Inhabitants (also the designations Inman (n) or the plural form Infolk can be found) is a designation with regionally different meanings. In many areas, e.g. In the Middle Ages and in the early modern period , for example, in southern Germany, Saxony and Austria, it was used to describe residents of a city who did not own a house or land and therefore did not have citizenship . Similar meanings are associated with insten and instemen (tenants). There are also similarities to the term “ resident” , which came into use at the beginning of the 20th century and was used for day laborers without real estate .
The concept of resident is to be distinguished from that of housemate ; This is understood to mean people who either have a family law relationship with the landlord (spouses, children, aunts, ...) or who are dependent on him as servants ( maids , servants ).
Regional variants of terms
In Mecklenburg to residents of the cities designated without civil status or special privileges as citizens or granny , said altmecklenburgische Landrecht the Civil zubilligte only one main food acquisition in commerce, trade or business. For this reason, special forms similar to handicrafts developed for those (arable) citizens who were full-time farming in urban areas. However, their number remained subordinate in the trade statistics of all Mecklenburg rural towns.
Inst people in north and north-east Germany were day laborers who were contractually bound to a landowner and who worked for housing, cash and wages in kind. They had to provide a second worker (the "crowd worker") and thus acted as a kind of subcontractor.
In south-west Saxony around 1700 it was even customary in some places to speak of “wealthy residents”, which could mean full farmers and other villagers with house and farm property , in cities also house owners . In this area and in the Vogtland , this usage of "residents" later changes with residents , in keeping with the current term, i. H. any resident of a place.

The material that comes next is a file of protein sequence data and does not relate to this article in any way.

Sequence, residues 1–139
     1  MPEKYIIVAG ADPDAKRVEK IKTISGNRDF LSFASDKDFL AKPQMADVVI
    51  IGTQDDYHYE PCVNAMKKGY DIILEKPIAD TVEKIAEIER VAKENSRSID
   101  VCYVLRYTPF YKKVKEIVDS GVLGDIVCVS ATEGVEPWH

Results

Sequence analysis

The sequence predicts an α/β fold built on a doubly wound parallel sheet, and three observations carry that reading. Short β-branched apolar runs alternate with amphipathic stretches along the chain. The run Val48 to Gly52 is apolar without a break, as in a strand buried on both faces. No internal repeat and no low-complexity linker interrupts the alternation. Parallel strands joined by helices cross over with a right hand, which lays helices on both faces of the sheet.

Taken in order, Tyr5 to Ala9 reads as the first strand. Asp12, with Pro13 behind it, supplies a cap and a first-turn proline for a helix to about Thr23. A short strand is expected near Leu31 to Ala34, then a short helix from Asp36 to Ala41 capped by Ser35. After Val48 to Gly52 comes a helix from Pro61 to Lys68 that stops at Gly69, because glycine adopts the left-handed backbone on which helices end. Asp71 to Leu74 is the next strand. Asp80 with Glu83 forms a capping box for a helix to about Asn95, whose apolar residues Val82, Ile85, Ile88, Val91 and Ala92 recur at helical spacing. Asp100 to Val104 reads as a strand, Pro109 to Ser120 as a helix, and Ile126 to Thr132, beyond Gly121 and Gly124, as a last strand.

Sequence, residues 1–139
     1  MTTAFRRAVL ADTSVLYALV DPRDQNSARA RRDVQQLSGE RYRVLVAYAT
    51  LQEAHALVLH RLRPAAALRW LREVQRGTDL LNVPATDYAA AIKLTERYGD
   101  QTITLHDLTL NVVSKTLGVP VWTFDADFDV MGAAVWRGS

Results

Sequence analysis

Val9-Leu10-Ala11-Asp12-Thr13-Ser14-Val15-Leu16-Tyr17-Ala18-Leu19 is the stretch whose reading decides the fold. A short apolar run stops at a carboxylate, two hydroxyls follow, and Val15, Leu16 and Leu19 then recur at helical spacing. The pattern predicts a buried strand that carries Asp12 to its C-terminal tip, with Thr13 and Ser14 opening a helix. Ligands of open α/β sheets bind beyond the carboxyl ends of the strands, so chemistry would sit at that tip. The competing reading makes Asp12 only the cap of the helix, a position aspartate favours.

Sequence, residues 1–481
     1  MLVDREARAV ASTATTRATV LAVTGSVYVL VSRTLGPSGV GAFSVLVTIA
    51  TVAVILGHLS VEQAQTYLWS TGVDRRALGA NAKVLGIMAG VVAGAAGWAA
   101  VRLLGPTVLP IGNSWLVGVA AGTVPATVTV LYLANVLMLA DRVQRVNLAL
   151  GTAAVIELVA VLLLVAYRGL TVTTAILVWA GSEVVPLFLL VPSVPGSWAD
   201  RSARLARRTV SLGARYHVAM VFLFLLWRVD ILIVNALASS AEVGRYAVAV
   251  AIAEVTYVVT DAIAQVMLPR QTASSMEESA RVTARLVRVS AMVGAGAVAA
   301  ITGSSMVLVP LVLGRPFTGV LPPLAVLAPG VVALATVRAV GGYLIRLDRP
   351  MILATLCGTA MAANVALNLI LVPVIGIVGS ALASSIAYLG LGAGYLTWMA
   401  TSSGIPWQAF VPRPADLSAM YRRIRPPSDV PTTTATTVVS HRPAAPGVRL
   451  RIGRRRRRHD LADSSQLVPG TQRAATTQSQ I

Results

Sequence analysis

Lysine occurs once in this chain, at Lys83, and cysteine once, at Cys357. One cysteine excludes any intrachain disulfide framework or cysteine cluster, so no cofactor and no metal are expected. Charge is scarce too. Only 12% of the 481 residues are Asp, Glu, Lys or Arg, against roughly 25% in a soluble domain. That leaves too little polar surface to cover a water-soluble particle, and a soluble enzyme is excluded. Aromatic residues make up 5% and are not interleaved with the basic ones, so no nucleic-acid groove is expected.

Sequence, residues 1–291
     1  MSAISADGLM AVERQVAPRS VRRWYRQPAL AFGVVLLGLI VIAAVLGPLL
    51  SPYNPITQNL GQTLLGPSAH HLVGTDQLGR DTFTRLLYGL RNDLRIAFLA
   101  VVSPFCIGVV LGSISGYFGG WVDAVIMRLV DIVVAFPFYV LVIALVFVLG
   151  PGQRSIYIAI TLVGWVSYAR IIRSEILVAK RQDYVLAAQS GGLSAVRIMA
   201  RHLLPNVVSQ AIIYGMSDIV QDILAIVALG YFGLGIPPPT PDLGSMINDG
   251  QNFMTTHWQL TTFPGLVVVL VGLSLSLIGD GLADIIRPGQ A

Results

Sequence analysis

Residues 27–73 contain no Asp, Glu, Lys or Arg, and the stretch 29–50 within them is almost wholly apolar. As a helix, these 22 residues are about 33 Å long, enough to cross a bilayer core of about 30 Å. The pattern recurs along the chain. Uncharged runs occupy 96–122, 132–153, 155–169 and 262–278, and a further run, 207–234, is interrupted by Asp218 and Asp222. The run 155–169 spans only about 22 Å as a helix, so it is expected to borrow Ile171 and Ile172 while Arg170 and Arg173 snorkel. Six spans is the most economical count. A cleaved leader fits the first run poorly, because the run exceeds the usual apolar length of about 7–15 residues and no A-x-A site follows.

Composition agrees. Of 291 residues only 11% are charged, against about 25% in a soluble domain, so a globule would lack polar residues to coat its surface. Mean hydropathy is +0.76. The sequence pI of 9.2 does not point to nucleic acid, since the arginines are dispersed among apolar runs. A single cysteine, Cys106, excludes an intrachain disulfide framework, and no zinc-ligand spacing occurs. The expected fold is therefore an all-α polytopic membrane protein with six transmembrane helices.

In Slovenia , residents (so-called osabeniki ) were settled as workers in vineyards.
In this context, the terms Beiwohner , Beisasse , medewohner and non-positus , which are used in Switzerland , should also be mentioned, which are based on the fact that these residents of a municipality do not have full citizenship, but have certain rights and obligations due to the existence of the residents. These sitters can be financially significant people.
Rights and Duties of a Resident
In the Middle Ages and in the early modern period, residents of a city who had no possessions and who did not have citizenship were called residents . They had to earn their living as day laborers at a manor or a company (e.g. a brewery) - without being permanently employed there.
When residents marry, special rules had to be observed with regard to the jurisdiction of clergy, since the place of residence was not determined by house or land ownership.